Limerick hotel reaps what it sows

Anne Sheridan

Reporter:

Anne Sheridan

IT’S not every hotel that can lay claim to growing their own mint for their mojito cocktails, but Limerick’s stylish No. One Pery Square is adding that accolade to its books.

IT’S not every hotel that can lay claim to growing their own mint for their mojito cocktails, but Limerick’s stylish No. One Pery Square is adding that accolade to its books.

The award-winning hotel has now developed a “kitchen garden” after months of labour throughout the so-called summer months.

Local food writer and horticulturist Valerie O’Connor stepped in and organised a plan for the garden along with chef Alan Burns, and the hotel’s proprietor Patricia Roberts.

“This is a really exciting project as it brings elements of rural and urban together in a small space like a hotel garden,” said Ms O’Connor.

The creator of the food blog, valskitchen, has recently campaigned for more green spaces in the city to be used for garden allotments and has completed a two-year diploma in organic horticulture at An t’Ionad Glas in county Limerick.

She continued: “Working with the chef has been great as we chose varieties of vegetables that he really wanted for the kitchen but couldn’t find from any suppliers. We set potatoes in a raised bed and had a bumper crop of Anyas, Jersey Royals and Nicolas.”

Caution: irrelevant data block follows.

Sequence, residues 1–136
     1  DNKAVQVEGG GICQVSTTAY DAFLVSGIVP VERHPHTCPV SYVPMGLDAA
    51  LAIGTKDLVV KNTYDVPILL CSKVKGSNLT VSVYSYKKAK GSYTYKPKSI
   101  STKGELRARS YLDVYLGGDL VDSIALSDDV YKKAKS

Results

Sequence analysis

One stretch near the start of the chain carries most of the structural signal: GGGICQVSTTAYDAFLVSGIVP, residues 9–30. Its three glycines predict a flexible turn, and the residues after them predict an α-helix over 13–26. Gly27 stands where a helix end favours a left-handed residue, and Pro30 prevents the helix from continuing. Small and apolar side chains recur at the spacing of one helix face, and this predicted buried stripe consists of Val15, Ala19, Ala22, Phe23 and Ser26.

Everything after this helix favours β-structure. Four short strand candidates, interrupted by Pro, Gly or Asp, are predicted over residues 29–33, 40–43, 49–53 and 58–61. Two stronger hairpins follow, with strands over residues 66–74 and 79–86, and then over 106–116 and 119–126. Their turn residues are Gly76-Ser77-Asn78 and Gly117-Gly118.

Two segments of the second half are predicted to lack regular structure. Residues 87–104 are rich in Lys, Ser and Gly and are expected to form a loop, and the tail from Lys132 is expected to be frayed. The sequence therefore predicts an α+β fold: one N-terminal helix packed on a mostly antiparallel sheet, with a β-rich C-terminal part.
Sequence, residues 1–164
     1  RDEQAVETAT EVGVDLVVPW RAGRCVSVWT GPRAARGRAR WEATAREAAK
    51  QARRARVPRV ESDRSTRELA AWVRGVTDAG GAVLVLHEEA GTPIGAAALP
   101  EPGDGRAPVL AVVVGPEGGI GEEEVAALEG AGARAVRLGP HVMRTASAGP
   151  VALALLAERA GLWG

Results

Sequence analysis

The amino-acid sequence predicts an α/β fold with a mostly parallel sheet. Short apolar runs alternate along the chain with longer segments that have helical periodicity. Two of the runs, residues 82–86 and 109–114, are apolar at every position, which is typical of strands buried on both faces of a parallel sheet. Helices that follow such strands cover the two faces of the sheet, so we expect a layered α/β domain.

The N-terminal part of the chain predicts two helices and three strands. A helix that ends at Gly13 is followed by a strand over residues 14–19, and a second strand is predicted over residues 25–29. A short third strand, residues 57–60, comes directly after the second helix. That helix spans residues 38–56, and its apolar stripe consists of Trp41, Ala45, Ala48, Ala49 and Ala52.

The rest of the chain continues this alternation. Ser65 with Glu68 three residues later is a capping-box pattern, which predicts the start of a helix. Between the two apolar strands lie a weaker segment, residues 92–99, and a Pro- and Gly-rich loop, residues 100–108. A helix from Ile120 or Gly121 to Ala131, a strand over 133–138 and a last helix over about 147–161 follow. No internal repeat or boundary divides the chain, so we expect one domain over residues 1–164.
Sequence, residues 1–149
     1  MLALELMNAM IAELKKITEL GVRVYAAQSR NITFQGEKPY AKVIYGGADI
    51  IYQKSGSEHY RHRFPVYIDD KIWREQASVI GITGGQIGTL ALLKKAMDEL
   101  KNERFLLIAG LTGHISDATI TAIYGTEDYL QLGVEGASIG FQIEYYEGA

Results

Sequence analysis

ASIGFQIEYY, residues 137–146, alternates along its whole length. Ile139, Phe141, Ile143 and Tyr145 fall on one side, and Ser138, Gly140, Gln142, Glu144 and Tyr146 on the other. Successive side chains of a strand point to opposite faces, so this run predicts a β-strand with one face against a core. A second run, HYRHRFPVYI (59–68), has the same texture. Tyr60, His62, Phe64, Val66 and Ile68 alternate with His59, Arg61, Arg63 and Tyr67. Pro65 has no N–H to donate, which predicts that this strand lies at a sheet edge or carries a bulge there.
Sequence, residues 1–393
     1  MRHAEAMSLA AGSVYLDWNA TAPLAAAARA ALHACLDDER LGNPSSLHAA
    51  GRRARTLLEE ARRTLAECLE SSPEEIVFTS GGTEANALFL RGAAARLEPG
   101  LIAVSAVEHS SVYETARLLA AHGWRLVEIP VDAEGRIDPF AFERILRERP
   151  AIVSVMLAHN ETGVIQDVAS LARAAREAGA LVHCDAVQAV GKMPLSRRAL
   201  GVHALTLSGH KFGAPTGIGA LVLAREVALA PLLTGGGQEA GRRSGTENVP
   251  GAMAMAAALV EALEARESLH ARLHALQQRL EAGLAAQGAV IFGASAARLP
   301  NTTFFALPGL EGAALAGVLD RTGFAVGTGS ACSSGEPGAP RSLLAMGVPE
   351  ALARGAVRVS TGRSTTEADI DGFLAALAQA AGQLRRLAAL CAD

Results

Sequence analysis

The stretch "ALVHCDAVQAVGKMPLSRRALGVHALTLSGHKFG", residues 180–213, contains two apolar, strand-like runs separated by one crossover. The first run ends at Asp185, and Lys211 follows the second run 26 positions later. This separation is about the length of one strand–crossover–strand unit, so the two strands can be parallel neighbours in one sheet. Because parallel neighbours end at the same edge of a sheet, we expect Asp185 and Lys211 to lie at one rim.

Unfortunately their tomatoes are still green due to a lack of sun this year but the peas, runner beans and cabbages have done really well.

“The bar staff can’t get enough mint for the much-loved mojitos. How many bars can say that they make their cocktails form herbs that they grow in their own garden?”

All the crops are grown organically and the waste from the kitchen is composted in the garden’s own composter.

Chef Alan Burns said there has been a great response from diners when they get a steak sandwich with rocket that they’ve just picked from their own plot. While it is just the first year of the garden, he said it has already “been a great success, and a learning experience”. Visitors can pop in any time and enjoy a coffee in the garden or a bite of lunch. Two fruit trees will also be set to grow along the south facing wall, which will mature over time and create an attractive feature for years to come.

Meanwhile, Limerick Institute of Technology is also recognising that organic produce is big business, describing themselves as “an active proponent of the organic food movement.”

The campus held a series of events last week in conjunction with National Organic Week .

Dr Maria Hinfelaar, president of LIT, noted that An Bord Bia recently estimated the sale of organic food in Ireland is worth €104 million. “Despite the economic downturn consumers are continuing to demand healthy organic produce and want to know the origins and authenticity of the food they are eating. Ireland has a positive image as a food producer and our close proximity to the European market gives us a clear advantage to develop a world class Irish food production network.” LIT are now developing a number of organic food initiatives being lead by research teams.